Chocolate and Orange Confit Brioche

chocolate orange bread

With less than a week away from the most wonderful time of the year (sing that to yourself in a Bing Crosby voice), I find myself frantically baking for this Saturday and Sunday. I love passing out goodies to the neighbors each year, and while we have stacks of cookies and bars, somehow a loaf of bread is most ideal. This loaf is extra special – with both a tender crumb and studded with chocolate and orange pieces, it is breakfast and dessert, a sweet indulgence to bring tidings of comfort and joy. This recipe makes two loaves, so you can make one for snacking and one for giving. Happy Holidays!

chocolate orange bread

Chocolate and Orange Confit Brioche
Inspired by a recipe in Breaking Breads by Uri Scheft

2 1/2 pounds brioche (whole wheat brioche and challah will also work)
1/2 cup orange confit (recipe follows)(candied orange pieces can be substituted)
8 ounces bittersweet chocolate (chopped into 1/2-inch shards)
egg wash (1 large egg + 1 tablespoon water + Pinch salt, mixed together)

Orange Confit
1 cup water
1 cup granulated sugar
1 orange, thinly sliced into rounds, seeds removed

Over medium high heat, bring the water and sugar to a boil. Stir often and dissolve the sugar.

Remove half of the syrup to a small bowl. Add the orange slices and bring to a boil. Drain the slices and discard this syrup (it will be very bitter).

Lower the heat to medium-low, add back the remaining syrup and bring to a simmer, swirling occasionally to coat the slices. Cook until it thickens (almost like marmalade), 10 to 12 minutes. Strain, and keep syrup for other use (like over toast or to glaze your breads).

Chop the orange confit slice, and set aside.


Lightly flour your work surface. Gently knead the chocolate and orange confit into the 2 pounds of brioche, and form into a ball. Let rest, covered with a kitchen towel,  for 20 minutes.

chocolate orange brioche

Divide the dough into 6 pieces, about 200 grams each.


Place the dough into a buttered pans (I used Pullman pans, but a 9 x 5 inch pan will also work. It will produce a slightly squatter loaf, and you will need to cut a few minutes off the bake time.) Cover the pans loosely with plastic wrap, and let rise until nearly doubled in volume, 40-50 minutes. Preheat the oven to 375F.

chocolate orange brioche

Brush the dough with egg wash. Bake the loaves for 45-50 minutes, until the tops are golden brown and are fully cooked (or until the middle registers about 200F on a instant-read thermometer).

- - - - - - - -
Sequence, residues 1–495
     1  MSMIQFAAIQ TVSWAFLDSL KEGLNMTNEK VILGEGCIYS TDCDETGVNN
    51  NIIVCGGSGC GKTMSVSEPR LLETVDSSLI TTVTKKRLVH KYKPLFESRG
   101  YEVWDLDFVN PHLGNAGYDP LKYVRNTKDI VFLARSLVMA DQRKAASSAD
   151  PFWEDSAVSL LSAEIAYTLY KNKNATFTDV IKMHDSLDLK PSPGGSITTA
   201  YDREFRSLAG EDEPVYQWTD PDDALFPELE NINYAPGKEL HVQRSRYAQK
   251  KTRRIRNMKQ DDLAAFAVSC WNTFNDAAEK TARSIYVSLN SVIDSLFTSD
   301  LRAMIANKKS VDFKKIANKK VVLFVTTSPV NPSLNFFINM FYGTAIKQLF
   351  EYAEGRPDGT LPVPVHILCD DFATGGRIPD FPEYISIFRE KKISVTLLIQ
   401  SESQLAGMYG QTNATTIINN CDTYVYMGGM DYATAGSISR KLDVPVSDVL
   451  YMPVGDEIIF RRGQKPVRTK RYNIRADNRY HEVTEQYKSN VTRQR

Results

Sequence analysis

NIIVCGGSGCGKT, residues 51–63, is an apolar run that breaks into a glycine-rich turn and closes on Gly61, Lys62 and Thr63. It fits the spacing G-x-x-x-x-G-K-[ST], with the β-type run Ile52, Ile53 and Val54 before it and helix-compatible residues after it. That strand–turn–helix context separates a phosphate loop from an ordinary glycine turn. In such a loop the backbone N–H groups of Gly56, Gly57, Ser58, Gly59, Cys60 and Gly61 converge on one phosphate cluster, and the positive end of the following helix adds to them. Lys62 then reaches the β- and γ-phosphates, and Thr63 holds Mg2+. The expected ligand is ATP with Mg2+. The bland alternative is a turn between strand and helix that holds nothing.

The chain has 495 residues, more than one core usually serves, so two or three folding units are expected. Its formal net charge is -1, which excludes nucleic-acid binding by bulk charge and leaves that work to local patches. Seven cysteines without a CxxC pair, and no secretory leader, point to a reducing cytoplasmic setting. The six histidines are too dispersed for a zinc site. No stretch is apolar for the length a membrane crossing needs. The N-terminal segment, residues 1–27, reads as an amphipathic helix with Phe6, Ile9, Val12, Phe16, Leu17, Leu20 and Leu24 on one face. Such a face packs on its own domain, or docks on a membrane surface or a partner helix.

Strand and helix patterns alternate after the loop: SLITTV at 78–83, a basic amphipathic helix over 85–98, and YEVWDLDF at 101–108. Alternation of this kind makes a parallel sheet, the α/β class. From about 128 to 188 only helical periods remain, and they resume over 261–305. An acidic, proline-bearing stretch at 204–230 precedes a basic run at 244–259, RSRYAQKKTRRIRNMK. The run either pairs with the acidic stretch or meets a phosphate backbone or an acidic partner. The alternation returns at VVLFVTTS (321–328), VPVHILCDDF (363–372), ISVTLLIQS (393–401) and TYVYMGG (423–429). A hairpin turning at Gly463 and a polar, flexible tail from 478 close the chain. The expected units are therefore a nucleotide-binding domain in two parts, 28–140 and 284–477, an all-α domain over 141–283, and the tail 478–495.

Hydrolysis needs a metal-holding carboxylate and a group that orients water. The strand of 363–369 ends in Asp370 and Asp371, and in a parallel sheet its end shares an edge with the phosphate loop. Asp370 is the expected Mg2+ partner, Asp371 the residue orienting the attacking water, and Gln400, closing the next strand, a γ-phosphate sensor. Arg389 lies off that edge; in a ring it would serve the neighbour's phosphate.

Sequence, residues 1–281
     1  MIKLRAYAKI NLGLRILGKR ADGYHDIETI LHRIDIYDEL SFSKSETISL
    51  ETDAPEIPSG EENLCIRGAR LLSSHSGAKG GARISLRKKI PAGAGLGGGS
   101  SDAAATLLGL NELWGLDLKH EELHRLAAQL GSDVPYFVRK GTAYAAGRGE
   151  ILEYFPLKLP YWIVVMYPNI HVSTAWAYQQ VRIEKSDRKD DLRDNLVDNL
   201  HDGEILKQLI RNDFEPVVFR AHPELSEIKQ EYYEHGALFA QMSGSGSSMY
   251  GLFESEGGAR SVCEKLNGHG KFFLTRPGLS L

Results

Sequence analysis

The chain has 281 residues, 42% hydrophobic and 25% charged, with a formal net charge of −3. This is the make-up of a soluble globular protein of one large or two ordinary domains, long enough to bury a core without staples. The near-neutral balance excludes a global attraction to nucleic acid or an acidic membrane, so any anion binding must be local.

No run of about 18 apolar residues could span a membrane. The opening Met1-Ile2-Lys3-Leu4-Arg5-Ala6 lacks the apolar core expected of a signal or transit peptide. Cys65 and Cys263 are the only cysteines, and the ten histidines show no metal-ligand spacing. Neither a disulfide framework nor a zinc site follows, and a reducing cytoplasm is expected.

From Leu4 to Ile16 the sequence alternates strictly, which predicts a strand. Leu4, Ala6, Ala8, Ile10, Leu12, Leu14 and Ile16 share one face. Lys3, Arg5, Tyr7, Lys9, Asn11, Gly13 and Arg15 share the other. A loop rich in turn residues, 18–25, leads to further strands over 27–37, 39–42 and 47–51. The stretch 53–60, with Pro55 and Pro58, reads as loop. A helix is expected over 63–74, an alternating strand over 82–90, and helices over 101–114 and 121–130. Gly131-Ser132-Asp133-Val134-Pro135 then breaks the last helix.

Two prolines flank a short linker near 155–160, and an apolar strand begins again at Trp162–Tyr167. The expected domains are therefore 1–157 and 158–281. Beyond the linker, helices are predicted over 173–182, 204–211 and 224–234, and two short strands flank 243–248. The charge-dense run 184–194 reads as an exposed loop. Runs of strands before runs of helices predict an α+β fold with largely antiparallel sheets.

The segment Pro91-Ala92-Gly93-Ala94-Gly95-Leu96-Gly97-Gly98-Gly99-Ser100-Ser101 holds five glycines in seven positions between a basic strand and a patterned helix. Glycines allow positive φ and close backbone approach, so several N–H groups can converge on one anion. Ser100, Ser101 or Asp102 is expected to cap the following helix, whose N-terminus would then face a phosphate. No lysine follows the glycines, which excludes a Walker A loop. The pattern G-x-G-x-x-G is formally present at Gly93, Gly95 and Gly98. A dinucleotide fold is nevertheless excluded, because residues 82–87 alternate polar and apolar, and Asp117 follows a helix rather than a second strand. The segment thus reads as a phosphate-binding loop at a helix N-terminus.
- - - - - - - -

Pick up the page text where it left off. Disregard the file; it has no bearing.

Let the loaves cool in the pan for a few minutes, then turn out onto a wire rack to finish cooling. Dust with powdered sugar, if desire.

chocolate orange brioche

12 thoughts to “Chocolate and Orange Confit Brioche”

  1. I make fruitcake and an almond pound cake where the recipe calls for two 9×5 loaf pans. I bake these in mini loaf pans, 5.75 x 3-inches. Can I do the same thing with this enriched yeast bread?

    1. Hi Guillermina,

      Yes, you can, you’ll just have to reduce the rising and baking times by about half. But, go by the color and make sure they are set before removing them from the oven.

      Thanks, Zoë

      Thanks, Zoë

      1. Have a wonderful and very Merry Christmas, Zoë! I have been baking your “5 Minute Bread” for about FIVE years already. I even tried my hand at Brioche once. Thank you & Jeff for persevering all those years ago. I also own your first book. And thanks so much for answering my question…

  2. Hello – My question is about European Peasant Bread, page 46, Artisan Bread in Five minutes a day. I’m having two issues. Lately my baked loaf is misshapen, the top is always beautiful but one side “blows out” and creates what I call an “annex” – almost like a separate small loaf sticking off the side. What ever I’m doing I am doing it consistently every time. Second issue – often I get giant holes, craters really, between the crust and the top of the bread. I have to stuff the wholes with bread if I want to make a sandwich – seems to happen more when the bread is a little wet but I’m not sure. We’ve been making your bread for over 5 years – haven’t purchased store bought since that time. Appreciate any advise. Haven’t seen this issue posted.

    1. OK, try:

      Longer resting time: 90 min
      Deeper slashing

      But why did it suddenly start, you must have changed something. Flour? Oven temp (use a thermometer)? Other?

      1. Jeff – Update on your suggestions. We had work done on the oven and discovered the temperature gauge was reading low and took longer to reach 450 degrees. We let the dough proof longer and did deeper slashing. Bread has been perfect twice in a row. I think the light touch on slashing was the biggest issue. Many thanks, we are back on track! Linda Zelch

      2. Cool! I’d say for the majority of our questions on this site, when breads that aren’t turning out well–it’s because of inaccurate oven temperature, and that’s easily fixed. Great!

  3. hello, I have some tropical fruit jam (pineapple and such), What are your thoughts on using this in place of the orange confit?

    love all your recipes, we have pizza every week with the olive oil dough. It’s so flexible to also be able to make a foccacia loaf for a soup night.

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